Can You Upload DNA To Find My Past? (Explained)

Find My Past does not do consumer DNA testing or analysis. The company offers an online genealogy archive through several websites.

However, Find My Past has partnered with a British DNA testing company called Living DNA.

Living DNA sells DNA kits and also accepts uploads of DNA from other major DNA testing companies. This includes Ancestry DNA, 23andMe, and MyHeritage.

Can You Upload DNA To Find My Past?

The FindMyPast websites have a sales page with buttons that let you order a DNA kit or upload DNA results for free.

These buttons take you to the website of Living DNA, which has partnered with Find My Past.

You need to create a Living DNA account, however you don’t need a FindMyPast membership.

You can bypass Find My Past completely and go direct to the website to upload your DNA.

There’s no particular advantage in going via the FindMyPast website. There is no integration between Living DNA’s website and the genealogy archives on Find My Past.

This is unlike or MyHeritage, which has integration features between your DNA results, family trees on their websites, and their record archives.

Which company DNA results do they accept?

The accepted companies include:

  • 23andMe
  • MyHeritage
  • FamilyTreeDNA (autosomal Family Finder kit)
  • Gene by Gene
  • National Geographic
  • Illumina

How To Upload DNA To Find My Past (Living DNA)

If you want to take the double hop of starting with Find My Past, you can simply go to the home page of any of their websites.

There is a link to “DNA testing” in the footer of every web page. This will take you to a sales page that has a button for a free upload of your DNA results.

Once you click this button, you’ll land on the Living DNA website. From here, you can follow the detailed instructions in our article on how to upload your DNA to Living DNA.

You’ll also find a video walkthrough of the process.

Things To Know Before You Upload Your DNA Via Find My Past

I always advise that you should do some background research on the website and company of wherever you are putting your DNA results.

So, it’s important to understand that you are not uploading your DNA to Find My Past. You are dealing with a separate company and it’s rather odd background (more on this anon).

Is it safe and secure?

You should always verify that companies that store your DNA results have the appropriate infrastructure and security to keep your data safe.

Personally, I’ve uploaded my results to Living DNA, and I’m satisfied that they are a legitimate and well-funded company.

Can law enforcement access your results?

You’ve probably heard of law enforcement agencies in the United States using DNA sites to investigate crime. The Golden State Killer was caught by the FBI doing looking on the GEDmatch website for relatives matching DNA found at the crime scenes.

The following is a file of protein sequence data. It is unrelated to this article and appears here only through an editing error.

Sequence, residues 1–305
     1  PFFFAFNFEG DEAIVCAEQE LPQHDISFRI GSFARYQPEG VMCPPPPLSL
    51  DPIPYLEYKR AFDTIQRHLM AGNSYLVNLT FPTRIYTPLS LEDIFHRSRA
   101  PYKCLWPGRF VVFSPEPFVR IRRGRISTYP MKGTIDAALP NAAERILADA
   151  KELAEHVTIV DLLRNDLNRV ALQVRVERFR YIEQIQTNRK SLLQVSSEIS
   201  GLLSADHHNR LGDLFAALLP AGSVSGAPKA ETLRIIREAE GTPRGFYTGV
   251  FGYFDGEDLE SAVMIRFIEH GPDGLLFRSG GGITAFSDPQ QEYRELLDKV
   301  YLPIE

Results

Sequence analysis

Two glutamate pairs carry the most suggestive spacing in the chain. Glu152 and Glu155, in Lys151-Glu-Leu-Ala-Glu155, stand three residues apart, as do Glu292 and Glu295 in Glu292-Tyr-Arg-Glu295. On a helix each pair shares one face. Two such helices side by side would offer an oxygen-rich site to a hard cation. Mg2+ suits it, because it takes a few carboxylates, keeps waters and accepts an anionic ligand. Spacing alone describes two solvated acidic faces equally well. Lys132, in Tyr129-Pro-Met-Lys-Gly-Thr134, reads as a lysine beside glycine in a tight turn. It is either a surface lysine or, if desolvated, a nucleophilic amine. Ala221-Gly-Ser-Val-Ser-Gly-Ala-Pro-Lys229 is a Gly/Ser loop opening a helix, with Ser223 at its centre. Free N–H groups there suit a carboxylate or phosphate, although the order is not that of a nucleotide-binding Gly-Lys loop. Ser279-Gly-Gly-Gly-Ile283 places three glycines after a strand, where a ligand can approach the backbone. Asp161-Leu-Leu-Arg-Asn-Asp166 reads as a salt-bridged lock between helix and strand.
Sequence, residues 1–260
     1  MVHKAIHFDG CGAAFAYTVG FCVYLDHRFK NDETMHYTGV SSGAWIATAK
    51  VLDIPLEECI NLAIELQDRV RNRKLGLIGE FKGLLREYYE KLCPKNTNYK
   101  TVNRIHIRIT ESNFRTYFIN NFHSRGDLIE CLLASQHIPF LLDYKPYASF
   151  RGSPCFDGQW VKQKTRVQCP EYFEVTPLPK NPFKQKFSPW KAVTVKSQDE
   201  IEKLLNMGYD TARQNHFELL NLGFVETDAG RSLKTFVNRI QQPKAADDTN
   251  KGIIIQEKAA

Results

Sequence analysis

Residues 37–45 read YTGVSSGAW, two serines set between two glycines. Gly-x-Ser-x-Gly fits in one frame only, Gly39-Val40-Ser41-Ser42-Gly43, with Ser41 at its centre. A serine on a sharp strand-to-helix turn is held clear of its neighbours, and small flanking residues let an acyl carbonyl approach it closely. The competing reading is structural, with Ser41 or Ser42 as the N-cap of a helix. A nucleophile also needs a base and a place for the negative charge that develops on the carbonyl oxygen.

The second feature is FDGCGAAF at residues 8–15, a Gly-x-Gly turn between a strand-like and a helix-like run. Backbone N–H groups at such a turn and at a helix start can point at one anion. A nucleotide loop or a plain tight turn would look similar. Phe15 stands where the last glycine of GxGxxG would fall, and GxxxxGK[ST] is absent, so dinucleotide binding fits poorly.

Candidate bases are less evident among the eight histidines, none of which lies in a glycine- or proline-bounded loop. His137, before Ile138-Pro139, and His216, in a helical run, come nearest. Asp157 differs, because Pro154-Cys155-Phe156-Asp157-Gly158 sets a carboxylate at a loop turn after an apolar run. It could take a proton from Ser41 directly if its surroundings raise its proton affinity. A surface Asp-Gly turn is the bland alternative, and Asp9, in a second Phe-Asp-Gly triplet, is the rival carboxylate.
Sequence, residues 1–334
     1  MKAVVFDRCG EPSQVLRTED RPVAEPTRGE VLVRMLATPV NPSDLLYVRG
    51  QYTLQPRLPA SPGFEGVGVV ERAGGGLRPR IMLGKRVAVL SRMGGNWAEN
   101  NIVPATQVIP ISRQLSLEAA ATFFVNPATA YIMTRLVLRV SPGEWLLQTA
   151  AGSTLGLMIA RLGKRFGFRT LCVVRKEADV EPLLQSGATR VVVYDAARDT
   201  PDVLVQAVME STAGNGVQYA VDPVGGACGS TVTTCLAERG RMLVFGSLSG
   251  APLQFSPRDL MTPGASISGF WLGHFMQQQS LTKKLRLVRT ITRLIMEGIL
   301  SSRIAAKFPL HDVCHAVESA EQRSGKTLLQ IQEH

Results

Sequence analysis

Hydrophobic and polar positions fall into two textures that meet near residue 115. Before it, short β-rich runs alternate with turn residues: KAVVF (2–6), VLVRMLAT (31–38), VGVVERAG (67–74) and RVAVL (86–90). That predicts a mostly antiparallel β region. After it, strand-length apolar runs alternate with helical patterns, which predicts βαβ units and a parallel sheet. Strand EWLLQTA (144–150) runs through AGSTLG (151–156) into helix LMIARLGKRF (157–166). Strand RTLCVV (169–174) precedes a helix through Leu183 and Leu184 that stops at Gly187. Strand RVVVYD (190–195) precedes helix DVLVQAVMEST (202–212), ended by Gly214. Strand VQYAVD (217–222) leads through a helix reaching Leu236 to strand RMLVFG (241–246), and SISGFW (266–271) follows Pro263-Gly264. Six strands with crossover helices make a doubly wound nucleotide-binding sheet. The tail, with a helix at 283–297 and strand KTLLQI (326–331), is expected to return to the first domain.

Some companies have a policy of actively working with criminal or legal investigations. Living DNA has a more robust policy of requiring court orders for access.

Strange company background

You can check out our article on the ownership of Find My Past.

I’ve also written about the ownership and background of most of the big consumer DNA companies. I have to say that Living DNA has the strangest history of all.

You can read all the details in our article on who owns Living DNA.

What To Expect From Your Find My Past / Living DNA Results

The two companies are British and are more well known in the United Kingdom than elsewhere.

DNA matches

When you upload your DNA results, you can opt in to see a list of DNA relatives who have also uploaded or tested with the company. You are more likely to get matches if you have British heritage.

The free service allows you to exchange messages with your DNA matches on the platform.

I have the lowest number of DNA matches on this site when compared to the other major sites. However, that third cousin could be the one to break through a brick wall.

Ethnicity reports

You are also provided with an ethnicity report that estimates your ancestral heritage. The free service limits the estimates to a broad continental level. If you want a more detailed breakdown, you can pay for an upgrade.

Here is my ethnicity map from the website.

No family trees yet

There is still no sign at the time of writing of a family tree feature on the Living DNA site.

I’ve already mentioned that there is also no integration with Find My Past and its family tree features.

Margaret created a family tree on a genealogy website in 2012. She purchased her first DNA kit in 2017. She created this website to share insights and how-to guides on DNA, genealogy, and family research.

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